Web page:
20:4 make unto thee. This is not a prohibition against pictures or statuary, in general, but only against an attempt to replace worship of the Creator with worship of His creation or some created thing in the creation (note Romans 1:21-25). When people attempt to represent God by a graven image of some demonic spirit (or “god”) or by a pantheistic mental construct of the infinite, any such worship or representation (the key phrase is “unto thee”) is blasphemous and is forever prohibited by this key commandment. “We ought not to think that the Godhead is like unto gold or silver, or stone, graven by art and man’s device” (Acts 17:29). It also renders the use of statues and paintings of Christ, as well as angels, in churches, schools, and homes as objects of “veneration” to be at least questionable.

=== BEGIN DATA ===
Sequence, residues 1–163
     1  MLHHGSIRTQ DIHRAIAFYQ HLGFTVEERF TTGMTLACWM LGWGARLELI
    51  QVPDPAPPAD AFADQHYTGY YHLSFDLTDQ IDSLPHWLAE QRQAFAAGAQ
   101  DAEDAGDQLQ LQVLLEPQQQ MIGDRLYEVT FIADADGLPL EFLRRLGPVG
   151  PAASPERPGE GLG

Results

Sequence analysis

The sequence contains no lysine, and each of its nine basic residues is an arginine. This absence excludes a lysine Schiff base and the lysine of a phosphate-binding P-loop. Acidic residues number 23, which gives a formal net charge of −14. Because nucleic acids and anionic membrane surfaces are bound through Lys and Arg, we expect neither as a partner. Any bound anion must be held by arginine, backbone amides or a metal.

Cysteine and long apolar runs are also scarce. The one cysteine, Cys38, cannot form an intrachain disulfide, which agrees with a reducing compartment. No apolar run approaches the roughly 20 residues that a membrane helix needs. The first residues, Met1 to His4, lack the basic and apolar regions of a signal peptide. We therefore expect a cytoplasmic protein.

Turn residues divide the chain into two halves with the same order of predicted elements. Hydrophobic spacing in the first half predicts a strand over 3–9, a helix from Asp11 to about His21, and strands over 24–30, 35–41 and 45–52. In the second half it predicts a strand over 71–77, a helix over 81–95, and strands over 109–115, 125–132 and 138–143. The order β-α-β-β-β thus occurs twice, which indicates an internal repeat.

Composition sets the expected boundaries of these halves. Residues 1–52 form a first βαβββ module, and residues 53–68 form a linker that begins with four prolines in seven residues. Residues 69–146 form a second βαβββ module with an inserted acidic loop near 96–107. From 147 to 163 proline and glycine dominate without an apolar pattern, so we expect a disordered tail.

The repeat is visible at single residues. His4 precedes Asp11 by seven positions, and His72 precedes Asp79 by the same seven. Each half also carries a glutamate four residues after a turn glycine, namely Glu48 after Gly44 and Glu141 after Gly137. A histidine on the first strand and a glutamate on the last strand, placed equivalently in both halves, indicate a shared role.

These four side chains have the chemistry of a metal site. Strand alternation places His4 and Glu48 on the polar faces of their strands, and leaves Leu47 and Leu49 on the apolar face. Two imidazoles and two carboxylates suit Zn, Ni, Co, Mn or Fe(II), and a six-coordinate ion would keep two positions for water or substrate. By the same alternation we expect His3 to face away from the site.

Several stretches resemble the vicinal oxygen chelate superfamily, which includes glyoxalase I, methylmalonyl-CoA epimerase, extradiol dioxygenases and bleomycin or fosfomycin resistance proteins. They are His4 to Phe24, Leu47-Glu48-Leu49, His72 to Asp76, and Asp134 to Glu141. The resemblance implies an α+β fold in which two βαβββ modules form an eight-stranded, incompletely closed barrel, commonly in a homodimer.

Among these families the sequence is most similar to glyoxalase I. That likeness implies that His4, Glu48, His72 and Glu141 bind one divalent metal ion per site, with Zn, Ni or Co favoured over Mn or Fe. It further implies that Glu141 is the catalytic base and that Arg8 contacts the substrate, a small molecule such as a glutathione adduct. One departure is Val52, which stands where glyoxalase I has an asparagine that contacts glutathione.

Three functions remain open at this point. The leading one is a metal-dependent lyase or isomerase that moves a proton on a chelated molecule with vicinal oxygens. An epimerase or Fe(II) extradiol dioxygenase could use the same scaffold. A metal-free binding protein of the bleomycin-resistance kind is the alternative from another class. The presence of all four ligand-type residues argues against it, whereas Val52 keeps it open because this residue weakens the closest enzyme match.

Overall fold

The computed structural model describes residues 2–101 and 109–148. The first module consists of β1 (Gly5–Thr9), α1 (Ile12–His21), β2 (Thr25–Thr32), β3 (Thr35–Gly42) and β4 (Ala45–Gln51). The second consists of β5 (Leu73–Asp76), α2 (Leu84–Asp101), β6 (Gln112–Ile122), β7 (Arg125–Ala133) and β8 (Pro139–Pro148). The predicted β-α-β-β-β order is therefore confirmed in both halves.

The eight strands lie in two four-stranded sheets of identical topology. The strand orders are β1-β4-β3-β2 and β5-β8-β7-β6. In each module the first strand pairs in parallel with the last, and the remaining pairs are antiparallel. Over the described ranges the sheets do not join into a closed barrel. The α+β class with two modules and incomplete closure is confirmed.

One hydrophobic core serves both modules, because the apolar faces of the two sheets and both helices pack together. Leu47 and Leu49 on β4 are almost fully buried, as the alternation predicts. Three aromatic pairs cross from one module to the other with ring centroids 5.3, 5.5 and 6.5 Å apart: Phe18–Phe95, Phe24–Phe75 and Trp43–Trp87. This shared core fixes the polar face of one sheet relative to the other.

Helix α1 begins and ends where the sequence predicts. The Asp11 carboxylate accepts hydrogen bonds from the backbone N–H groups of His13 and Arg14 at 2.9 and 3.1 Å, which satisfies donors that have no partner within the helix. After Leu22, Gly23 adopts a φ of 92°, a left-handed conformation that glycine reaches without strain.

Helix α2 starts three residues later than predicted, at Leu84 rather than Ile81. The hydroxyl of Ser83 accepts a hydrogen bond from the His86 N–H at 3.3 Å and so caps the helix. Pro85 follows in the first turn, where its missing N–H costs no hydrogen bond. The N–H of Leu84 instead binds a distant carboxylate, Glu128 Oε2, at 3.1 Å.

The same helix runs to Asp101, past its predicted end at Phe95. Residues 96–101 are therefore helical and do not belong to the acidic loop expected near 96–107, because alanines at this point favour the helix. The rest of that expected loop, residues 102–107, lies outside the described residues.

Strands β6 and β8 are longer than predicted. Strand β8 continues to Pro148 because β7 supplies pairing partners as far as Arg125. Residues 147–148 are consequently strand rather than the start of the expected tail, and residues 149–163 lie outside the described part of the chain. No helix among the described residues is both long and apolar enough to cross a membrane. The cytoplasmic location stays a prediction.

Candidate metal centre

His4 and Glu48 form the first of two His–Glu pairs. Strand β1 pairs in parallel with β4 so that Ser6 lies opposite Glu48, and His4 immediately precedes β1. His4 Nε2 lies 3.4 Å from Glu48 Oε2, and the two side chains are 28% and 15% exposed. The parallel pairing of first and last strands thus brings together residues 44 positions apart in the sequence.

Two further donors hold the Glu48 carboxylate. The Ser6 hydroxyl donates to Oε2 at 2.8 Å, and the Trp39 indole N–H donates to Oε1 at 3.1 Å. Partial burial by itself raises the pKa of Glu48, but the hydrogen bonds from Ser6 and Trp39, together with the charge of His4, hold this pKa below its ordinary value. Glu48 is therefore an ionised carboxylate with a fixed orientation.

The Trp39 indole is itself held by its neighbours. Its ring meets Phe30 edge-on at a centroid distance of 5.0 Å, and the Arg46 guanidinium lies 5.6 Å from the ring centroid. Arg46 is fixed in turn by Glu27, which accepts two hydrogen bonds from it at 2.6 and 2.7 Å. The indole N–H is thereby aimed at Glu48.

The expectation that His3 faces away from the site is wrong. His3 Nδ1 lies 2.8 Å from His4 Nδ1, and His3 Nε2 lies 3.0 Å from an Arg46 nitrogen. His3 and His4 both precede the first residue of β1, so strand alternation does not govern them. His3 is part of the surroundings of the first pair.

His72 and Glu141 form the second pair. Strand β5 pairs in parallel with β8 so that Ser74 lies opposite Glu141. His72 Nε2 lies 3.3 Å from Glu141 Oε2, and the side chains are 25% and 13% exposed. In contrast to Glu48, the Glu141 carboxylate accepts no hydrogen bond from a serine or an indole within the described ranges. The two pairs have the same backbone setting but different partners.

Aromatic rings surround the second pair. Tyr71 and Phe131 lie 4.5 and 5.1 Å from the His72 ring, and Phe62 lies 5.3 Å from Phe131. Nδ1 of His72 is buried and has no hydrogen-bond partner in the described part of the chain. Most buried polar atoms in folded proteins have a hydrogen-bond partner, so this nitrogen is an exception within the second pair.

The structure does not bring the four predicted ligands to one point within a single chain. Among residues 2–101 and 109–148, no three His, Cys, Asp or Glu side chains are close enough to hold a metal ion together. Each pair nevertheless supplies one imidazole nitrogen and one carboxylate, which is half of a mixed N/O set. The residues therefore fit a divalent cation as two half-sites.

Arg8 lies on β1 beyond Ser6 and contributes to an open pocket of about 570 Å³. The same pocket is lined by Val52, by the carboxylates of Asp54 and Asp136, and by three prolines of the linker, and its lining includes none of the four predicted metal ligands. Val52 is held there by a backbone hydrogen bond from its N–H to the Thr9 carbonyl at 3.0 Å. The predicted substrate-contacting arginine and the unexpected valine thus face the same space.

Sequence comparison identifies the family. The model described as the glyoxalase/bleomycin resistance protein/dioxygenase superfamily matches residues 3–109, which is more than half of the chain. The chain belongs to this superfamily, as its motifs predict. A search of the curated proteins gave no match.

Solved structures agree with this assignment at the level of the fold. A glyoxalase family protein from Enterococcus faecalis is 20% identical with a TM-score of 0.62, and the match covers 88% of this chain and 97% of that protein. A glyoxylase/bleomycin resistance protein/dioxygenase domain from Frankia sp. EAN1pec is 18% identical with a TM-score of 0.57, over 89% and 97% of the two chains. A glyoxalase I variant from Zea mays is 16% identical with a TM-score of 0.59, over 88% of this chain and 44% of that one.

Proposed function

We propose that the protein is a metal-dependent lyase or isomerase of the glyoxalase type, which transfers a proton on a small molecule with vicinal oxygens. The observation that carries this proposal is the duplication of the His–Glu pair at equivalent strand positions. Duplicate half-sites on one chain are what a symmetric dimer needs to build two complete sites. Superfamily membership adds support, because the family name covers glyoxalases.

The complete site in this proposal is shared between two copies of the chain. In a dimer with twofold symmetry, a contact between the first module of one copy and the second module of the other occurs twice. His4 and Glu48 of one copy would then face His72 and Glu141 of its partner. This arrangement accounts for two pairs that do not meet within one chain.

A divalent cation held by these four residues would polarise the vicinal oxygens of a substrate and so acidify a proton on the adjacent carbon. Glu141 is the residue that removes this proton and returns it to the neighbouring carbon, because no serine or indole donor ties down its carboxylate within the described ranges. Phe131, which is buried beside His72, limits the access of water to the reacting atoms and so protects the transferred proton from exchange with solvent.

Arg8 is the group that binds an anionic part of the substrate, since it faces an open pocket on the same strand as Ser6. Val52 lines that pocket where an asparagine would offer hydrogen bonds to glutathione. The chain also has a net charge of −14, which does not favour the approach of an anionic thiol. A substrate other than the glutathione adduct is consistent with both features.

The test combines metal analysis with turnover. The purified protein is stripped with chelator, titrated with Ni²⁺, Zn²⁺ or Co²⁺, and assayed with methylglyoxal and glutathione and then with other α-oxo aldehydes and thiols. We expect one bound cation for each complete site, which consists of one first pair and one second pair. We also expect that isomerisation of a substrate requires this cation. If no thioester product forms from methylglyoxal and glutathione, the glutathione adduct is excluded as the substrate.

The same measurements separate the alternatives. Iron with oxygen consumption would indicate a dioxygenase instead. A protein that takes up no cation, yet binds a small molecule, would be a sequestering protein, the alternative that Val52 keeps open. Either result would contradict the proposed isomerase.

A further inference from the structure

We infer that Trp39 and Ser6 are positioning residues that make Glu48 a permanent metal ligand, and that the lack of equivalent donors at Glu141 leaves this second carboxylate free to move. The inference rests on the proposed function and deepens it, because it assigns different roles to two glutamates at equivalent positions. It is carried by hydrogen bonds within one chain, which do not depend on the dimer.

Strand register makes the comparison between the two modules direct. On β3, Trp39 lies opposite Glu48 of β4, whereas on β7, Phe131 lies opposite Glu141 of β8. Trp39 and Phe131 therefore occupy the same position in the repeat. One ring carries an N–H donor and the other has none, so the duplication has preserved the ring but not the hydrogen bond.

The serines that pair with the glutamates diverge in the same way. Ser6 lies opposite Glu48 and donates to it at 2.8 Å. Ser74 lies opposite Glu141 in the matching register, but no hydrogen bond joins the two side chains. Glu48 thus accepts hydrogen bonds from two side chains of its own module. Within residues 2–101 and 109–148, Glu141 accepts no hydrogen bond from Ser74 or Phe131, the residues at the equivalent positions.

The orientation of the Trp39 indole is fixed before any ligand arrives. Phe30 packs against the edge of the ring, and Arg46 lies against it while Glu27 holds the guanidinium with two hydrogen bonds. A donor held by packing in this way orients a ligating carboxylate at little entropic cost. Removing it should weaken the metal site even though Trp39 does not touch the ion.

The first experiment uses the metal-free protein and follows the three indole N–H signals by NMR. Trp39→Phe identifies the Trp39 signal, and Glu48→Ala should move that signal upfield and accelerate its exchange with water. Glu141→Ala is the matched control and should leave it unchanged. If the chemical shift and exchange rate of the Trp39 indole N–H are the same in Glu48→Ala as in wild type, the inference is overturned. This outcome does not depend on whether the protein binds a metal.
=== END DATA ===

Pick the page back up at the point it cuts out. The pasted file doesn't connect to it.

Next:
20:4 any likeness. This commandment surely renders the common use of statues and paintings of angels, and even more so of the Lord Jesus, in churches, schools, and homes to be very questionable, if not clearly forbidden.
20:5 third and fourth generation. This apparently severe judgment on innocent children cannot contradict the teaching throughout Scripture (e.g., Ezekiel 18:19-20) that each person is individually responsible before God (e.g., Romans 14:12). Nevertheless, it is true that ungodly parents tend to produce ungodly children and grandchildren. In this way, God’s judgment is exercised upon the descendants “that hate me.”